Palliative care (from Latin palliare, to cloak) is any form of medical care or treatment that concentrates on reducing the severity of disease symptoms, rather than striving to halt, delay or reverse progression of the disease itself or provide a cure. The term "palliative care" may be used generally to refer to any care that alleviates symptoms, whether or not there is hope of a cure by other means.
The is to prevent and relieve suffering and to improve quality of life for people facing serious, complex illness.
Non-hospice palliative care is offered in conjunction with curative and all other appropriate forms of medical treatment.
Palliative care is "an approach that improves the quality of life of patients and their families facing the problems associated with life-threatening illness.
Palliative treatments may also be used to alleviate the adverse effect (medicine)|side effects) of curative treatments, such as relieving the nausea associated with chemotherapy.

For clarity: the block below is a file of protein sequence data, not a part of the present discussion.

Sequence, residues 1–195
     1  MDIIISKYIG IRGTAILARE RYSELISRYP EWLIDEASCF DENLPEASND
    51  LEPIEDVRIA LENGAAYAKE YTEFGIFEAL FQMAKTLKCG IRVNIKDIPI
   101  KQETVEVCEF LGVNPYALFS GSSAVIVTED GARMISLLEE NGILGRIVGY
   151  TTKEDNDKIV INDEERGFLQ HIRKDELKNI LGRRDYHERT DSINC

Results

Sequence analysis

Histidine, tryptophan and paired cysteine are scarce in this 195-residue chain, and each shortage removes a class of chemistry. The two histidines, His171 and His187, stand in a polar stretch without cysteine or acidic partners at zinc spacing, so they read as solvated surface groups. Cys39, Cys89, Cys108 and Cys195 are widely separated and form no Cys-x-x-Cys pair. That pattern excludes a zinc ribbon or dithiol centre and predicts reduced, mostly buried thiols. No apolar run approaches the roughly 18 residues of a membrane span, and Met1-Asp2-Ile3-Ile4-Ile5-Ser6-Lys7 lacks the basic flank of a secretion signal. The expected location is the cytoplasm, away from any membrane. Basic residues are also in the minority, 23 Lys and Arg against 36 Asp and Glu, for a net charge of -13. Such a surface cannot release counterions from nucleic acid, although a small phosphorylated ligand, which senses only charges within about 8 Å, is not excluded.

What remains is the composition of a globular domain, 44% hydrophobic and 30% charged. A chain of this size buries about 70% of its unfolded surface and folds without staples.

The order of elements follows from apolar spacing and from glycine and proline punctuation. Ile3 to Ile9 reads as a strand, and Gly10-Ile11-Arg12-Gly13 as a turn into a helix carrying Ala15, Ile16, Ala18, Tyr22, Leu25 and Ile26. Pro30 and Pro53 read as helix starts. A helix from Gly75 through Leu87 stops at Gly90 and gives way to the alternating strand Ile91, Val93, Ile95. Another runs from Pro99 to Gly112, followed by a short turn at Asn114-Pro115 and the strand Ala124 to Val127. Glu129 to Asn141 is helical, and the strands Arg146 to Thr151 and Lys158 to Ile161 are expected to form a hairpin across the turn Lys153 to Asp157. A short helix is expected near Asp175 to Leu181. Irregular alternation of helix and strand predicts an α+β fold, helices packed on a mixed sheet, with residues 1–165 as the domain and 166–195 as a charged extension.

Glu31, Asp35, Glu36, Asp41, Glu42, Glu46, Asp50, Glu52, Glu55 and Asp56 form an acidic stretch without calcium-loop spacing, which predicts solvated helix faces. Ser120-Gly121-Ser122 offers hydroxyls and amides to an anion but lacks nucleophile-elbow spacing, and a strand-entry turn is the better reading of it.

Most hospice care is delivered at home.
Palliative care may also be provided in the dying person's home.
Who are elgible
In most countries hospice and palliative care is provided by an interdisciplinary team consisting of physicians, registered nurses, nursing assistants, social workers, hospice chaplains, physiotherapists, occupational therapists, complementary therapists, volunteers, and, most important, the family. The team's focus is to optimize the patient's comfort.
Dealing with distress
The key to effective palliative care is to provide a safe way for the individual to address their physical and psychological distress, that is to say their total suffering.
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